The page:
While offering measured support for the US energy transition, US Senator Joe Manchin said March 11 he was reluctant to support the proliferation of electric vehicles due to their overreliance on foreign supply chains.
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Speaking during the CERAWeek by S&P Global energy conference in Houston, the West Virginia Democrat pinned his EV anxieties on China, which has dominated the global lithium-ion battery supply chain and controls around 80% of the world's raw material refining.
"I'm very reluctant to go down the path of electric vehicles," Manchin said. "I'm old enough to remember standing in line in 1974 trying to buy gas – I remember those days. I don't want to have to be standing in line waiting for a battery for my vehicle, because we're now dependent on a foreign supply chain – mostly China."
China's dominance of mineral mining and refining is thanks to years of investments and policy that has catapulted the country to become a world leader in less than 10 years. While the US has been slower to build out its EV supply chain, the Biden administration's Infrastructure Investment and Jobs Act includes $7.5 billion to develop domestic supplies of key minerals. On March 9, Energy Secretary Jennifer Granholm described the matter as a national security concern.
"We have, as a nation, stood by and watched this global free trade environment allow all of our manufacturing and key pieces of our supply chain go overseas," she said during the CERAWeek conference. "It has compromised our national security, our energy security, and certainly our economic security."
"We need to have the full supply chain here," she added.
Manchin also skewered his fellow Democrats' idea to spend billions to deploy EV charging stations across the country. Last year, while Congress was refining the infrastructure bill, nearly 30 House Democrats proposed increasing the bill's $7.5 billion expenditure for EV charging infrastructure to $85 billion. In addition to charging stations, the $85 billion would have been used to build more grid resilience in preparation for an electrified transportation sector.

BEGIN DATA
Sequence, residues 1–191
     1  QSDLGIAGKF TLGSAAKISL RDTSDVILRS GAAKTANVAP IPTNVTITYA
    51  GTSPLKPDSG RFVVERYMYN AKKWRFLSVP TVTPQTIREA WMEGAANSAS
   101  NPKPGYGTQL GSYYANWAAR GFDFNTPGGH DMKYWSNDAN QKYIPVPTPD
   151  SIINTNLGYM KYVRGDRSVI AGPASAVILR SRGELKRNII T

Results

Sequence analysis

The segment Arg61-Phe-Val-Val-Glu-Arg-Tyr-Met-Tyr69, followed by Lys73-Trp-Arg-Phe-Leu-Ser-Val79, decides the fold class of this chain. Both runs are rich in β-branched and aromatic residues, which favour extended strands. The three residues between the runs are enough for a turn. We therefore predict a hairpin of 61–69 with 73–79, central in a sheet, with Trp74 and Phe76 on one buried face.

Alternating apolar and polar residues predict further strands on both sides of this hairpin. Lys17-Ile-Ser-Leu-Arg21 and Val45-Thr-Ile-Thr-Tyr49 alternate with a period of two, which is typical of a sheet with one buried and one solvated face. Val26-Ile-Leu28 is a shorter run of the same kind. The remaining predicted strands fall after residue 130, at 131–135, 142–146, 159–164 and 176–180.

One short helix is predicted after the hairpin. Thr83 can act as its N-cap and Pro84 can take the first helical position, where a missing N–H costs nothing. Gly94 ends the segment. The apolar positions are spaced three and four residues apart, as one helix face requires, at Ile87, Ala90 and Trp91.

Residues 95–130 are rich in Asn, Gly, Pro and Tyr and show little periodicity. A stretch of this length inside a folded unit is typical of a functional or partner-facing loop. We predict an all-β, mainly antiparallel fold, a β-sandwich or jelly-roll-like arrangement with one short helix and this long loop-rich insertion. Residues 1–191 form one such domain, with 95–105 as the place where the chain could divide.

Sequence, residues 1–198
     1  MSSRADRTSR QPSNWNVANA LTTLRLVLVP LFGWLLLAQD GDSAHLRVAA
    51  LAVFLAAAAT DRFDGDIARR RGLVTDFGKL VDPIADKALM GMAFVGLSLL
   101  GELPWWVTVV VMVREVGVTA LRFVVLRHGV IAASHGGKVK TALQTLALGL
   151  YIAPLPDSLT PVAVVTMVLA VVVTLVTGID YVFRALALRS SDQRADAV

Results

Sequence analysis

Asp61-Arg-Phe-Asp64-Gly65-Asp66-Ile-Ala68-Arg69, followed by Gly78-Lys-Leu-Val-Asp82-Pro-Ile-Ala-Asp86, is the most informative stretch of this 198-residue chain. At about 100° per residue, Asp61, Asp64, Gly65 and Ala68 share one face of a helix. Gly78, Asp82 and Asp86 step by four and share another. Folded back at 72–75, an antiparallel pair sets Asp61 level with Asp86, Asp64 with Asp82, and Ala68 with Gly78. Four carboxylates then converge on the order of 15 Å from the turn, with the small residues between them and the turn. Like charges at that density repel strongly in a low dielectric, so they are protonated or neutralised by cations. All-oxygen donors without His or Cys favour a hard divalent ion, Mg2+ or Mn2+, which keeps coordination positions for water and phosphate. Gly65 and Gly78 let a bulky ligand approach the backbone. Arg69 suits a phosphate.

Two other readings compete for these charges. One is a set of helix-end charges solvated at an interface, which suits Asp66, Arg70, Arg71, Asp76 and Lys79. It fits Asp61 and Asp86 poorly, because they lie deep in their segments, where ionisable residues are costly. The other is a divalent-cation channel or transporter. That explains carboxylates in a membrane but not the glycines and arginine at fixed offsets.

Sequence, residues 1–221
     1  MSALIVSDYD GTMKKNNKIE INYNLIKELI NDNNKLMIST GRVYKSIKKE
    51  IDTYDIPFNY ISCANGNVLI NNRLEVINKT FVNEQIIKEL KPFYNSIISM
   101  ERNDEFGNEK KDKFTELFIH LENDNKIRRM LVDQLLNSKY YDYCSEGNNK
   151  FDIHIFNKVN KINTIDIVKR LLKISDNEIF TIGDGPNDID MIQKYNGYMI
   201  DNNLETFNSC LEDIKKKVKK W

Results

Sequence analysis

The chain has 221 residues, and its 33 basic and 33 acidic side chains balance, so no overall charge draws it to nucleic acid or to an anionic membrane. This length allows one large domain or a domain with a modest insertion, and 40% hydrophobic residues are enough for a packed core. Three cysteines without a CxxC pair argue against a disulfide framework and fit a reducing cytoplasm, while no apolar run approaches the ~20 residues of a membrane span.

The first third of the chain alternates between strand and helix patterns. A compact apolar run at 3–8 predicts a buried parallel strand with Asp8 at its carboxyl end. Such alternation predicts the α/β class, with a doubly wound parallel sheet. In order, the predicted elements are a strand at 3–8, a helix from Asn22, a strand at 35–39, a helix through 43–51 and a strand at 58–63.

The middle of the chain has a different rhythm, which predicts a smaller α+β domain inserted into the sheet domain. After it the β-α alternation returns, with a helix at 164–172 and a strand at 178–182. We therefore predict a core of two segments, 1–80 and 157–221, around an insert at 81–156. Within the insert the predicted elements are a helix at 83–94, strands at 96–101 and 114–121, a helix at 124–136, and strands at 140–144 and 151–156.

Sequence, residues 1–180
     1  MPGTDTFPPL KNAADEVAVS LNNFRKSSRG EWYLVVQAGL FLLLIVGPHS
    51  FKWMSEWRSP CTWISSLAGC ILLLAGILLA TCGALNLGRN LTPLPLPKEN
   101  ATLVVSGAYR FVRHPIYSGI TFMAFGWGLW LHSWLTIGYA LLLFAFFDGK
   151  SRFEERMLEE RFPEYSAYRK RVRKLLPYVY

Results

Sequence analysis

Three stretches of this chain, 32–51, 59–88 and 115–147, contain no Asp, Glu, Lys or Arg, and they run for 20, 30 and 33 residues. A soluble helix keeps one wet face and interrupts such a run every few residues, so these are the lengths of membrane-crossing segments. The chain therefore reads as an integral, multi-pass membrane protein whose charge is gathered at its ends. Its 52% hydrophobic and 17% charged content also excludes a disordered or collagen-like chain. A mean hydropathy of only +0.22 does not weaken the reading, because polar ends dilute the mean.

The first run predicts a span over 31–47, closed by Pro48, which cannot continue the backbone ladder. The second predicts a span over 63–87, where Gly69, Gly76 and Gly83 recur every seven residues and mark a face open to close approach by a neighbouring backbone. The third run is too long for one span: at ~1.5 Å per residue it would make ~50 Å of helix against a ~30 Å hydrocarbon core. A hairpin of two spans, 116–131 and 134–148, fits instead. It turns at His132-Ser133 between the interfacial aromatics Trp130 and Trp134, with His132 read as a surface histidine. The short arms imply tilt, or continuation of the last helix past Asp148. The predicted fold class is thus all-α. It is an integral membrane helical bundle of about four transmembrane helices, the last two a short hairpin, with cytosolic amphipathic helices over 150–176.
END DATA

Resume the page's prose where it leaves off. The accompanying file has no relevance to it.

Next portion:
Manchin said during the conference he has "a hard time understanding" the use of government money for charging stations.
"I've read history, and I remember Henry Ford inventing the Model-T, but I sure as hell don't remember the US government building filling stations – the market did that," he said. The crowd erupted with applause.
Manchin underscores hydrogen support
While the EV supply chain may be out of US control, that of hydrogen is not, which is one reason behind Manchin's support of the clean fuel.
"I'm a big believer in hydrogen, because I don't have to depend on a foreign supply chain to produce the horsepower we need to a carbon-free society as we move to transition," he said.
Manchin has recently become a vocal supporter of the US hydrogen economy. During a February hearing of the Senate Energy and Natural Resources Committee, he expressed support for hydrogen subsides while indicating that the motivation behind his support is fears over the rising Chinese economy.
"We have to get off the dime and start doing something. Because if we don't, we're going to be left behind and totally subservient to China," he said during the Feb. 15 hearing.
Hydrogen tax credits were a small but key feature within the Biden administration's $1.7 trillion Build Back Better Act, yet they were left hanging in the balance after Manchin pulled his support from the bill over its high price tag.
As proposed, the bill would offer clean hydrogen companies the option to cut their costs via a production tax credit, which would offer up to $3/kg of clean hydrogen depending on the production method's carbon footprint, or an investment tax credits, which would pay for up to 30% of the cost of electrolyzers or other clean hydrogen production equipment.